David Cameron’s renegotiation strategy with the European Union, centres around an idea that was mocked in 2008 by his shadow foreign secretary, William Hague. In the video, Cameron can be seen laughing away, presumably indicating he agrees with Hague that the idea is ludicrous.
Cameron has got support from EU leaders for parliaments to be given a “red card”. This requires 14 parliaments within the EU to oppose the legislation. Once this is achieved, the legislation will be blocked.
But, it was this very idea that caused Cameron’s shadow foreign secretary to declare that the “red card” system would be nearly impossible to implement. He said:
Given the difficulty of oppositions winning a vote in their parliaments, the odds against doing so in 14 countries around Europe with different parliamentary recesses – lasting up to 10 weeks in our own case – are such that even if the European Commission proposed the slaughter of the first-born it would be difficult to achieve such a remarkable conjunction of parliamentary votes.
— The World at One (@BBCWorldatOne) February 3, 2016
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The party’s position in 2008 was that the red card was unlikely to prevent “the slaughter of the first-born”.
Yet, astonishingly, Cameron has now decided that the system is instrumental to the UK staying in the EU. This is likely because it is something that he knows he will be able to negotiate on, therefore enhancing his perceived leadership skills. However, the video of Cameron’s foreign secretary mocking and berating the system is certainly one that will embarrass him.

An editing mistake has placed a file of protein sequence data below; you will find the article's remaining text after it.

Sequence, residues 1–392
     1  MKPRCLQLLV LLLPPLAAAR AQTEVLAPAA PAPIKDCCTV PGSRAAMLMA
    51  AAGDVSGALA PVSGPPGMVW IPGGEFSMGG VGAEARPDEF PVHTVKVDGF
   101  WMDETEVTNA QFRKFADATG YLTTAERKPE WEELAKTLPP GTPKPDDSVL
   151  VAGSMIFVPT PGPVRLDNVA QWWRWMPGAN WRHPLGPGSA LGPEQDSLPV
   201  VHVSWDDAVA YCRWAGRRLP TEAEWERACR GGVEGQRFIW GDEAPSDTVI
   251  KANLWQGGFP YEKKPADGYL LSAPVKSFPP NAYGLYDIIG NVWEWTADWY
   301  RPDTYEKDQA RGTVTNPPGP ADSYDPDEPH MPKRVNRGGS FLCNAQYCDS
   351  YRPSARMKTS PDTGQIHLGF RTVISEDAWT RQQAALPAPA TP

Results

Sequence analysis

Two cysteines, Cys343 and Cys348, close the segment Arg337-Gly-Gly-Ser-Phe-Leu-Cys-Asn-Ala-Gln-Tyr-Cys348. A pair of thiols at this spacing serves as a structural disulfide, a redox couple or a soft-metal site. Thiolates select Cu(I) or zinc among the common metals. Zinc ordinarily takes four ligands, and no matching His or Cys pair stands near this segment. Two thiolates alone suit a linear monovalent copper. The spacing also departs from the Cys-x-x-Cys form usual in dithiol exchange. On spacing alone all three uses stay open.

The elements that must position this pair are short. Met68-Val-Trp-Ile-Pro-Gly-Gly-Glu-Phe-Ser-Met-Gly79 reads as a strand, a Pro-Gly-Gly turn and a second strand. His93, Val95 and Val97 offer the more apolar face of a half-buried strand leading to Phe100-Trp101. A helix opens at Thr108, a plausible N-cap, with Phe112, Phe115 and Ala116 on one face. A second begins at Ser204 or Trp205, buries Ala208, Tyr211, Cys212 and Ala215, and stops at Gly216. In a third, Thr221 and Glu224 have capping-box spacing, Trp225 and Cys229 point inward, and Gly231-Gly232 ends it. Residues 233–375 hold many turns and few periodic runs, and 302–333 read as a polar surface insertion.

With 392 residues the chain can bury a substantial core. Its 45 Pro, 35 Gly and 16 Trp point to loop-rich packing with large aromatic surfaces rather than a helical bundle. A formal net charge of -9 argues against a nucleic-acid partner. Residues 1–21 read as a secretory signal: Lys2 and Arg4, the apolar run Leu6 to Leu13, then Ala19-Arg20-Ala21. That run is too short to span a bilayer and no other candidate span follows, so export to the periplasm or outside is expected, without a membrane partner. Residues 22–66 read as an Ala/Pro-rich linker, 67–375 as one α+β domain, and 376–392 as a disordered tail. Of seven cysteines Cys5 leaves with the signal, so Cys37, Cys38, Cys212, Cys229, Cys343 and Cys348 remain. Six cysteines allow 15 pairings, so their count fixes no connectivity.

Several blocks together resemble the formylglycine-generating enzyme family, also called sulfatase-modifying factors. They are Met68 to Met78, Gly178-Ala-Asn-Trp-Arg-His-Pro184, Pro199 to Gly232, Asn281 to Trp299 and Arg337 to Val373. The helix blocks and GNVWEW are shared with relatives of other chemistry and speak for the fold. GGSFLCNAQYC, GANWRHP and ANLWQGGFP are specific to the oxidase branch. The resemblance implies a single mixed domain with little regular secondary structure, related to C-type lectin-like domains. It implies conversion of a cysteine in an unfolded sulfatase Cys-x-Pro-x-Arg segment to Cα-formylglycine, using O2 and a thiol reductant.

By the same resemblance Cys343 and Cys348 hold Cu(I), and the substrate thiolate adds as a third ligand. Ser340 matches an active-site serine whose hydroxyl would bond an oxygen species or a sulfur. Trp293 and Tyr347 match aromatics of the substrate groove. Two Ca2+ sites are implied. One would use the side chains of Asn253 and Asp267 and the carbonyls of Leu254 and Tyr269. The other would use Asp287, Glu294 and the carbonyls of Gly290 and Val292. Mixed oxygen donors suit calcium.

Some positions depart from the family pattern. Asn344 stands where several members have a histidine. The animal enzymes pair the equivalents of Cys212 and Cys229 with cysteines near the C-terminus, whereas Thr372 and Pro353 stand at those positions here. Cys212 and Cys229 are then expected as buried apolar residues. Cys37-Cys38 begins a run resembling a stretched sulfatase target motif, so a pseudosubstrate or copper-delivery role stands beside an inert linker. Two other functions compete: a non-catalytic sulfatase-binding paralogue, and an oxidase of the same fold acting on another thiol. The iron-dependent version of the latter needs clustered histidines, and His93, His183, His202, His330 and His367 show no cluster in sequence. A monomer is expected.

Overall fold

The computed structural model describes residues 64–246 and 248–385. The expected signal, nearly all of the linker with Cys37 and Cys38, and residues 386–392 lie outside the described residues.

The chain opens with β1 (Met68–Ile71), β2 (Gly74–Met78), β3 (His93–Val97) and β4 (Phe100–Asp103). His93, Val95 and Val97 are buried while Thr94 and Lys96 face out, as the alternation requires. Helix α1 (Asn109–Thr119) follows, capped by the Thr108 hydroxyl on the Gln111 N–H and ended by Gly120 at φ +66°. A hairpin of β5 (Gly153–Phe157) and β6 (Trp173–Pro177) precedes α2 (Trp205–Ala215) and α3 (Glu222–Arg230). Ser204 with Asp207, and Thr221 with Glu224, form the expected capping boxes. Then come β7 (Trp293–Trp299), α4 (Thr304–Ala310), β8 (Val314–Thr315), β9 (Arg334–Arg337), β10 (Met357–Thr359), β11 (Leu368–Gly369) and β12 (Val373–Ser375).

This is not the only area that Cameron is wanting to renegotiate on. He also wants to be able to restrict benefits for working migrants, highlighting the lack of compassion that Cameron has for ordinary people. Cameron also wants to remove “red tape”, which is likely to only help corporate giants.
Conservative Party’s Infighting
The negotiations over the EU are causing significant rifts within the Conservative party, leading to David Cameron’s declaration that the referendum on whether the UK remains or leaves the EU will be a ‘free vote’ for his MPs. But even these assurances haven’t been enough to stop the infighting within the Conservative party. With Iain Duncan Smith, Cameron’s trusted work and pensions secretary, likely to campaign against Cameron. While London Mayor and Conservative MP Boris Johnson accused Cameron of “making the best of a bad job”.
It would appear that David Cameron is using whatever he can to look prime ministerial, even a system which he laughed at so publically. But whether he can unite his MPs on such a divisive issue remains to be seen.
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